Edward Ross had to Google how to kill his chickens when salmonella infected his Colo Vale farm.
The former Southern Highland Organic Eggs owner said he received a directive from the NSW Department of Primary Industries to cull the hens.
However there was little else in the way of support when his eggs were recalled in April.
Mr Ross and his family were faced with the devastating task of gassing and burning 24,000 chickens as well as decontaminating their land.
As the family lived off the grid, they relied on gas for their home but the gas company stopped delivering orders to their property due to the contamination.
They were left without heating and the ability to cook food during winter.
"We were freezing. No cooking, no gas, we had to go back into the stone-age," Mr Ross said.
After about three months, the land was retested and the family received confirmation the farm was no longer contaminated.
The gas came back on but it was not business as usual.
The family sat down to decide if they would restock the farm but came to the conclusion there was not enough support for those living on the land.
Now Mr Ross wants better services for farmers in times of disaster.
"We had no help from the government, no help from anybody. It was just 'kill your chickens' without any help," he said.
"We've got to carry it out or they drag you to court and impose a fine on you.
"If you can't pay the fine, you can go to gaol. It's a totally cruel system."
The family supplied eggs to Woolworths and Highlands-based stores.
The $3 million turnover business employed 10 to 15 people for the past seven years.
"What about some help? What about some recognition?" Mr Ross said.
"It doesn't make any difference whether you're a cow grower, a sheep grower or a chicken grower.
"It doesn't make a difference; if the rain doesn't come, you're on your own.
"There's no system to protect you or help you in times of need."
The family recently transitioned from farmers to cafe owner-operator's when they bought Bowral's Hunger Therapy cafe.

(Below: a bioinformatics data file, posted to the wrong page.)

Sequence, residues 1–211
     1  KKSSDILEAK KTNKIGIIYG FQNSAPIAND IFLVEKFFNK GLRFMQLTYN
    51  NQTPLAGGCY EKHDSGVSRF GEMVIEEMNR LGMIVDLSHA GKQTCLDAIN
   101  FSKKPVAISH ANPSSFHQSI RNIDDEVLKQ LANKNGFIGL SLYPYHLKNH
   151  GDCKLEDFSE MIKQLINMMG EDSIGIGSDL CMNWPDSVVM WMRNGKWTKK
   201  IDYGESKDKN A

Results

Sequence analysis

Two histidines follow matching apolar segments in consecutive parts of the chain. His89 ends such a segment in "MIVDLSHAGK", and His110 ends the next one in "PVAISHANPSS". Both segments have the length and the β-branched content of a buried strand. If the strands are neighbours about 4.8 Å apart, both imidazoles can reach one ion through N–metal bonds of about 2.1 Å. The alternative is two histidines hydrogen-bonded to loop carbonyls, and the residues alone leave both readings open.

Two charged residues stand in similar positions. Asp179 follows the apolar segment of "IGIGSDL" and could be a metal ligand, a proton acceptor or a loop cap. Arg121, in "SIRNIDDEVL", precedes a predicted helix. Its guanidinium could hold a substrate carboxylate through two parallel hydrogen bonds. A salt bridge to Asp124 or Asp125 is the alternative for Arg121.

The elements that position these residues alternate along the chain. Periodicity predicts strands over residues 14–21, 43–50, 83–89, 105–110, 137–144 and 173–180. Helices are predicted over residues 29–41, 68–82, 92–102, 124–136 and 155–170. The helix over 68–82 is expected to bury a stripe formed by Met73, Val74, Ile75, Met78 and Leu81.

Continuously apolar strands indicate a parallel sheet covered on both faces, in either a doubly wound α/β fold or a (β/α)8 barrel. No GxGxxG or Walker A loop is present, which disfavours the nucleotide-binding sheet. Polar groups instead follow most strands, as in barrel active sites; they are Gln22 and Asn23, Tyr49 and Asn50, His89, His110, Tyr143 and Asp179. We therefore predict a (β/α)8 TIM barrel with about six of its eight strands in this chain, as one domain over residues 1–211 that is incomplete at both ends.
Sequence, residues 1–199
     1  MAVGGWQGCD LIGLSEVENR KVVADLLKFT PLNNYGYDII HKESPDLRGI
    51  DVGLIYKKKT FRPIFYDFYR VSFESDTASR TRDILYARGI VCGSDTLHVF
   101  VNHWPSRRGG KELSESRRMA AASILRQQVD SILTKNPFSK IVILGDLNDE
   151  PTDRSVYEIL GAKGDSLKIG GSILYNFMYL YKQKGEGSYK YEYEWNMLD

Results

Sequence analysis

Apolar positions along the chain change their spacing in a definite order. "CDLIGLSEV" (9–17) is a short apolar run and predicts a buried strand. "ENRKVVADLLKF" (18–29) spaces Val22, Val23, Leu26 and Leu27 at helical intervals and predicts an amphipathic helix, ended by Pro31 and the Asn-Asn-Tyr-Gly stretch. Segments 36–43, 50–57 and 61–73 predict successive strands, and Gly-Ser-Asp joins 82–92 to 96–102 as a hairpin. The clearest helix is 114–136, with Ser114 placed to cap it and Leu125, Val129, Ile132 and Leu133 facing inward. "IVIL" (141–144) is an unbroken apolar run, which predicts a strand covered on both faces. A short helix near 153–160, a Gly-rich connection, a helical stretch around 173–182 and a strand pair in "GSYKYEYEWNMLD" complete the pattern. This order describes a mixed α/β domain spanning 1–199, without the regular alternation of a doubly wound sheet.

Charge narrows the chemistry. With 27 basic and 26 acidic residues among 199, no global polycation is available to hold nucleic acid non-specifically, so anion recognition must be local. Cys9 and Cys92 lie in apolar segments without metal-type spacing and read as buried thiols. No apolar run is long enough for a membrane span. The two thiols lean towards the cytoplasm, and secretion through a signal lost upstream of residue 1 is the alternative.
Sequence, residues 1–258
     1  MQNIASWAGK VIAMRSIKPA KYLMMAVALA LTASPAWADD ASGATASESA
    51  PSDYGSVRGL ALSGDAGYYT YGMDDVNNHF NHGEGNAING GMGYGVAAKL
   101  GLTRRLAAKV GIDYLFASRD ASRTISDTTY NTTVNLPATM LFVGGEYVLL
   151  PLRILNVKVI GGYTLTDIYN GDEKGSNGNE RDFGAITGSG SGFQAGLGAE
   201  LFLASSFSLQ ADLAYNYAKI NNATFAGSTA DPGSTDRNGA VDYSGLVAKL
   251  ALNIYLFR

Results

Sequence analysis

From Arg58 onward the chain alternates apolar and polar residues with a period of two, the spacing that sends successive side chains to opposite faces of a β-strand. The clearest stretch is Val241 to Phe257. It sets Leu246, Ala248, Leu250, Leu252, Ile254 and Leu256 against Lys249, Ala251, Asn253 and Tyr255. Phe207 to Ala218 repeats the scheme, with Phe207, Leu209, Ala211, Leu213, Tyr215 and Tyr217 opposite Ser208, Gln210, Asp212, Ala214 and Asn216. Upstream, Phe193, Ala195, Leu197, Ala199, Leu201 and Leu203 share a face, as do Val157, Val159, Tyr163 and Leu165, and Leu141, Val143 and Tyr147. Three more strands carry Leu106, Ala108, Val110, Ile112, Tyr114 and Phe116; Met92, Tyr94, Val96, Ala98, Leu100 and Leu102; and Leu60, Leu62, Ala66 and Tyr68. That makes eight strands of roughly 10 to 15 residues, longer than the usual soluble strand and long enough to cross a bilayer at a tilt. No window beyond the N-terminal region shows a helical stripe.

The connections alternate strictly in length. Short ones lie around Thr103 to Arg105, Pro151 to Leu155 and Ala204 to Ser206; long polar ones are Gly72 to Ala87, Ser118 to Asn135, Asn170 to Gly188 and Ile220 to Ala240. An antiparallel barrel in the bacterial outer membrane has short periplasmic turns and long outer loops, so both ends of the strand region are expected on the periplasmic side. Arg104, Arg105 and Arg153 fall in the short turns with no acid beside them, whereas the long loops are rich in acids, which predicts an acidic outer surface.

The business, located at 325 Bong Bong Street in Bowral, has been renamed Bites and Drinks.
"I'm not a cafe person but this came up for sale. I'm not going to go back to farming," he said.
"If anyone asks me for advice [about farming], I say don't. I would discourage people and I will give them evidence.
"If a disaster happens in any form, you're on your own, no one's going to help you."
Mr Ross said farmers needed a trained body to advise and assist during the tough times.
"We need an agency, we need a body that advises and helps the farmers understand the environmental risks involved," he said.
"The body needs to advise people on the risk they could be exposed to - contamination, fires or floods."
Mr Ross has also demanded more action be taken by our politicians.
"They need to come up with some understanding of the farmers overall," he said.
"They need to understand farmers are not multinational companies. Almost all of us are individual families.
"Usually we only know about 10 per cent of what we're doing and the other 90 per cent is totally unbeknownst to us.
"We need a system similar to the National Disability Insurance Scheme."
Mr Ross does not want his words to be taken in vain.
He hopes his family's story will help create change in the industry and help farmers suffer less.
"If it's going to help establish something to help the farmers make these people listen I'll do anything," he said.